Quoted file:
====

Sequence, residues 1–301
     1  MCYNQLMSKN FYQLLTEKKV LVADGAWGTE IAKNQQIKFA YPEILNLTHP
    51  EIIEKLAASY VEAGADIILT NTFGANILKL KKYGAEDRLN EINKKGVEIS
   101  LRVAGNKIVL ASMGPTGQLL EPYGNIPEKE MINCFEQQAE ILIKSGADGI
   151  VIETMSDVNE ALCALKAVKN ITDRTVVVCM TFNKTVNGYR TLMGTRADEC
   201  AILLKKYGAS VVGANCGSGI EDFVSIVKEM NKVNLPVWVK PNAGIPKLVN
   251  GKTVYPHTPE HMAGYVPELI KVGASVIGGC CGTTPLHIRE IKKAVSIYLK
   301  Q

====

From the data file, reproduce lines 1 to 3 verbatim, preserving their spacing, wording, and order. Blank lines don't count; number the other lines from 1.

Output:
Sequence, residues 1–301
     1  MCYNQLMSKN FYQLLTEKKV LVADGAWGTE IAKNQQIKFA YPEILNLTHP
    51  EIIEKLAASY VEAGADIILT NTFGANILKL KKYGAEDRLN EINKKGVEIS